Can the FTC 6 be set up to open the DHW VALVE and circulate the water through the heat pump to lower the DHW TEMPERATURE?

We are going to have to come up with a solution for this one since temperatures in the tank can get pretty hot after 14 days of British summer sunshine.

 


   
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Transparent
(@transparent)
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Posted by: @sunandair

Can the FTC 6 be set up to open the DHW VALVE and circulate the water through the heat pump to lower the DHW TEMPERATURE?

Can you please remind us of the layout of your cylinder?

Is it a DHW cylinder or a thermal store?

DHWcyl ThermalStore

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Transparent
(@transparent)
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Posted by: @alan-m

I will gather a week or so of data with my current parameters and then try the wider spread like yours.

There is a correlation between the width of the hysteresis you set on the controller and the curve it uses to define the pump speed.

Most Solar Thermal controllers operate the pump using a variable-speed algorithm.
As these are 240v AC pumps, the method used is similar to that for old-fashioned incandescent theatre lights. When it first starts, there's an imperceptibly small pulse to 'get it started'.

As more heat is extracted from the roof-top collector, the temperature of the water being drawn into the cylinder falls. The pump speed is lowered accordingly.

The better the controller manages the pump speed curve, the narrower you can set the temperature hysteresis.
But there comes a point when the electricity you're using on the pump to acquire the heat from the roof isn't worth it !

So if you want to spend less electricity running the pump, then widen the temperature hysteresis.

The pump will then 'sleep' longer until there's enough temperature on the rooftop collector to make it worthwhile running again.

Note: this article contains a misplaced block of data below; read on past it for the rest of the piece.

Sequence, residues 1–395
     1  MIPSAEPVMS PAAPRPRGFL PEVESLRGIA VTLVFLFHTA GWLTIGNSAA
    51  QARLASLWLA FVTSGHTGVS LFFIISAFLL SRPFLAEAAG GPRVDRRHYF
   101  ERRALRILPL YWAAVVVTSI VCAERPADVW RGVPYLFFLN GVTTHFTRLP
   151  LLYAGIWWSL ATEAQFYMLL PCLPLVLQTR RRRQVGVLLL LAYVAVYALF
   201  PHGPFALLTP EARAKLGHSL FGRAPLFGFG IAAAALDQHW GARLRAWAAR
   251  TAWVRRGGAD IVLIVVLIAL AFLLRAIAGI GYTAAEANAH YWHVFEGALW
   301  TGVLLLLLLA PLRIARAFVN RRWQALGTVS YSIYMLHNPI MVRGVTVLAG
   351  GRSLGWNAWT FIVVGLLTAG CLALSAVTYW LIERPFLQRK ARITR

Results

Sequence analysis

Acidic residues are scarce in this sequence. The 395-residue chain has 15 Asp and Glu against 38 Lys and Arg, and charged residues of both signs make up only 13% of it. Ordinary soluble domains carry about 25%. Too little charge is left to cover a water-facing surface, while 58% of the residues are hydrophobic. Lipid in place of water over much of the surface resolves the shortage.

Few controllers allow you to configure the slope of the pump-speed curve, or the minimum speed it will be run at.
But that's also probably indicative of the number of customers who would understand how to configure it anyway!

The point is... you can't just copy the temperature hysteresis being used by another site.
There are too many variables to assess.

But it definitely is worthwhile trying a different range of settings to see what works best for you.

This post was modified 1 year ago by Transparent

Save energy... recycle electrons!


   
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(@derek-m)
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Posted by: @sunandair

Hi @alan-m 

It was 7 years ago when I set up the solar. It was a diy install. And last autumn the bigger tank was added along with the Ecodan heat pump using a recognised installer. We also didn’t get any guidelines on how to get the solar and heat pump to work together. But they seem to be working happily together.

On the solar installation I recall there was a flow rate mechanism and having to adjust the flow rate using the guidelines in the installation guide. So you may have some similar guidelines with your system. You may already know that small adjustments in flow rate will also optimise the heat transfer to the tank. I just set up the flow rate as per the installation guidelines.

 

THE BIG QUESTION I HAVE IS:

Can the Ecodan be programmed to cool down the tank when I’m on holiday?..... just like the antifreeze program will circulate the radiator water through the compressor to prevent freezing.

Can the FTC 6 be set up to open the DHW VALVE and circulate the water through the heat pump to lower the DHW TEMPERATURE?

We are going to have to come up with a solution for this one since temperatures in the tank can get pretty hot after 14 days of British summer sunshine.

 

My first question would be how high do temperatures get in your hot water cylinder, and is this actually a problem?

If the solar thermal system is switched off, can the panels cope with getting quite hot? What is the maximum permitted temperature?

Is there anyway in which the panels could be covered or shaded to reduce the heat output?

 


   
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(@sunandair)
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@transparent hi, it’s a DHW cylinder for kitchen, bath, shower etc. In the height of summer we have had the solar relief valve discharge into the container once. There is a recirculating option on the solar loop but the heat exchanger is at the bottom of the cylinder so I’m pretty sure that wouldn’t cool down the whole tank.

just wondered if the Ecodan could work in reverse to cool it while we were away.